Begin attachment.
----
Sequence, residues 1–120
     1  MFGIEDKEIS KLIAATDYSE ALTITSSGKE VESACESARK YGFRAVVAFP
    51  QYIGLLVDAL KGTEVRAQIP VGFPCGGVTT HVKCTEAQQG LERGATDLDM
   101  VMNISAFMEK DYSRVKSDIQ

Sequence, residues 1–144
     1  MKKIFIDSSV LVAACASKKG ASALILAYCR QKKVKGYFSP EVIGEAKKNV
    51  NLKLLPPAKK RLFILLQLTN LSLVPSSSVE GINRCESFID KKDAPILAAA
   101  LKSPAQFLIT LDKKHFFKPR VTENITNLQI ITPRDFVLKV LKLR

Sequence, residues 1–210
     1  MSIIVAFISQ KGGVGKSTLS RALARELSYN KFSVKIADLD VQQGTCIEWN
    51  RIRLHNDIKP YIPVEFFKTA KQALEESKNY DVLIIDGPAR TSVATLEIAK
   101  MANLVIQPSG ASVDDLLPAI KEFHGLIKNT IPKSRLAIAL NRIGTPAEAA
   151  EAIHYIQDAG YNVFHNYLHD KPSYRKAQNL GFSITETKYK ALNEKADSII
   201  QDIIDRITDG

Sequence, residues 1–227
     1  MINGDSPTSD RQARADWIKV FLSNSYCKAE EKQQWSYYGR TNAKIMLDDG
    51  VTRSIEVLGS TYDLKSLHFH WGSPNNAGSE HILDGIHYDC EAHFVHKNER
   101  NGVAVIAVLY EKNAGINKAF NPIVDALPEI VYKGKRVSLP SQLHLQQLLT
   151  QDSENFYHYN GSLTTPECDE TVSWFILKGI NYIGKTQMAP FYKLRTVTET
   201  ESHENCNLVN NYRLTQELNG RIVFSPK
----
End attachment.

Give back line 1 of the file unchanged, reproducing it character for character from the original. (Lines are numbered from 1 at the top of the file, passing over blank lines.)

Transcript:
Sequence, residues 1–120